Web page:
• Here’s an unusually clear discussion of the working theology of the Episcopal Church, all other mainline denominations, and (at bottom and at least implicitly) all respectable Western thinkers who retain a streak of idealism: God is love, therefore we’re already saved and justified just as we are, therefore the only sin is exclusion because it suggests that someone isn’t saved, justified and loved just as he is. The most admirable thing about the theology is its absolute simplicity. Once you get the basic idea the right answer to every question becomes obvious. Another is its ability to unite clergy, laity and the society at large. It appeals to the administrators who run Episcopal and other bureaucracies, because it means that universal multicultural expert bureaucracies and world markets are the only social institutions that can be allowed to exist and function (all other institutions are exclusionary). It also appeals to the self-satisfied consumers and careerists who do the work, buy the products, watch TV, sit in the pews, and see nothing wrong with giving up personal moral agency in favor of comfort and perpetual self-celebration.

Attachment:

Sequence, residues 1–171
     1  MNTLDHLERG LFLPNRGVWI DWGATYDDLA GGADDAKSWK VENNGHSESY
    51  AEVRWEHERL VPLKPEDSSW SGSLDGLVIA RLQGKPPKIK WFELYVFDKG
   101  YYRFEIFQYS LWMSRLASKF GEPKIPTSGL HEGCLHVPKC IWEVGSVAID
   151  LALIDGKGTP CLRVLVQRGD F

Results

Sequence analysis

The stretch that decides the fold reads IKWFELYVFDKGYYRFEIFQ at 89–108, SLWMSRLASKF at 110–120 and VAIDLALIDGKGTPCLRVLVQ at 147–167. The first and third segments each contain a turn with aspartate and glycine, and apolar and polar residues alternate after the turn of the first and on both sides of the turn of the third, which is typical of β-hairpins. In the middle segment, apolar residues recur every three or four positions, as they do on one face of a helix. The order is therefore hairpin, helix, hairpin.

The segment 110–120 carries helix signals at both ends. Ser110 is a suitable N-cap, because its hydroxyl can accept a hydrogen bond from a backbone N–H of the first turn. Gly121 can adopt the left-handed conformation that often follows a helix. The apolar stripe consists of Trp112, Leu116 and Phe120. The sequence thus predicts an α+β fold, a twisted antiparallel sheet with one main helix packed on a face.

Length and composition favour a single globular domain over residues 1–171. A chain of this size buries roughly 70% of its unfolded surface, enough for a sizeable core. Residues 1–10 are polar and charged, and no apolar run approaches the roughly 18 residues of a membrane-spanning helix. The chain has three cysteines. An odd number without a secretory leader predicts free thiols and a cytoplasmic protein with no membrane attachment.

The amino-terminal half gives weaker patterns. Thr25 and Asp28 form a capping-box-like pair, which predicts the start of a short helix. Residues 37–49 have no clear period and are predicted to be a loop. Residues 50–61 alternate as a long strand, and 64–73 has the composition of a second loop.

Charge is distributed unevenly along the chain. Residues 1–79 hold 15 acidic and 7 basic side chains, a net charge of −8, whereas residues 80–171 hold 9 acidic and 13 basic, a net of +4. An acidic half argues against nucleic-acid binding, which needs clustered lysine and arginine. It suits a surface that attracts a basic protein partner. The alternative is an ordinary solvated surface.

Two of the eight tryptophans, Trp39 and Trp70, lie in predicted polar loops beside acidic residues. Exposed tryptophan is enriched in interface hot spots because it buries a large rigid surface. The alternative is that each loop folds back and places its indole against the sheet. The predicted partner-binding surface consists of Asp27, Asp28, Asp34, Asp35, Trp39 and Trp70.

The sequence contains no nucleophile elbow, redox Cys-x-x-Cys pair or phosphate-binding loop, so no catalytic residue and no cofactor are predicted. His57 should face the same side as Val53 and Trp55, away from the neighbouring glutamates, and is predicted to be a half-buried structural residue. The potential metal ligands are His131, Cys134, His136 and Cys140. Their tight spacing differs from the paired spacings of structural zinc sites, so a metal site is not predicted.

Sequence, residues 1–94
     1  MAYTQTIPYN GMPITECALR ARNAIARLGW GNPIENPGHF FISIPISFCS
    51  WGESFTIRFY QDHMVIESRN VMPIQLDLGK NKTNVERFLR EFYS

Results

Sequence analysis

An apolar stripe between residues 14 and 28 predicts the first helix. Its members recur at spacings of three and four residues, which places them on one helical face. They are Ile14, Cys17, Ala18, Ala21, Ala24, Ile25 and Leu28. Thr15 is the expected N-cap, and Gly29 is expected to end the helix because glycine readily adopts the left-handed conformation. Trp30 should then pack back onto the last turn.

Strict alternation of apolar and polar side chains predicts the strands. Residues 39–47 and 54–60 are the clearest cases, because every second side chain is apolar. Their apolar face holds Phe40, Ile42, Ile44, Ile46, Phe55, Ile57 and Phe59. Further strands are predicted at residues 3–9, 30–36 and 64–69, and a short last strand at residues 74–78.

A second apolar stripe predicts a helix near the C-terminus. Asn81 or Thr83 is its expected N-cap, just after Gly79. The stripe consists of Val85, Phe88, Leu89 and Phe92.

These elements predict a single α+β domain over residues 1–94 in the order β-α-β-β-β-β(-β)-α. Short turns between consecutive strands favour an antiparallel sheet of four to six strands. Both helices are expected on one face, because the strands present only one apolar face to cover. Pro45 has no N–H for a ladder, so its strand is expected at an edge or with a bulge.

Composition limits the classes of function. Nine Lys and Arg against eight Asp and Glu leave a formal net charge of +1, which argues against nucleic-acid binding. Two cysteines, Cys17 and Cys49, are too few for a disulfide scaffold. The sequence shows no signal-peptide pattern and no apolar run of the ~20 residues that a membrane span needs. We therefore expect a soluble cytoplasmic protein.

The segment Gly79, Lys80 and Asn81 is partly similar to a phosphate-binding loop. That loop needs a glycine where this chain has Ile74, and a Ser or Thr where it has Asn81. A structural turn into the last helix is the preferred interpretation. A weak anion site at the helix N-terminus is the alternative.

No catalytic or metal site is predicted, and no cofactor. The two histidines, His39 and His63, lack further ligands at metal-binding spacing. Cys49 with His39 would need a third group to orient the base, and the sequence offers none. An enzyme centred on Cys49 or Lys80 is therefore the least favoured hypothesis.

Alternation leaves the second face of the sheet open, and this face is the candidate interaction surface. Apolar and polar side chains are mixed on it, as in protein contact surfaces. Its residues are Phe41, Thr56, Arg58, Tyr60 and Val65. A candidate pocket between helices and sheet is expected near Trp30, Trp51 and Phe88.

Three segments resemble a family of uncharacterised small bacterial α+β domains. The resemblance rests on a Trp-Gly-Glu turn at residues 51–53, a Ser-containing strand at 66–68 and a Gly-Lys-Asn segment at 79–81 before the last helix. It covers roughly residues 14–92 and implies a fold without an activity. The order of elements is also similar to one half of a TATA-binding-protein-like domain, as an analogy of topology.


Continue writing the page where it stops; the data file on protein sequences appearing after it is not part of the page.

Notes on subsidiarity

“Subsidiarity” is a basic concept of Catholic social teaching. according to which “a community of a higher order should not interfere in the internal life of a community of a lower order, depriving the latter of its functions, but rather should support it in case of need and help to co-ordinate its activity with the activities of the rest of society, always with a view to the common good.” Catholic social teaching, some interpretations of social justice to the contrary notwithstanding, promotes decentralization. The idea, it seems, is that man is active, moral and social.


Why did Vatican II kill renewal?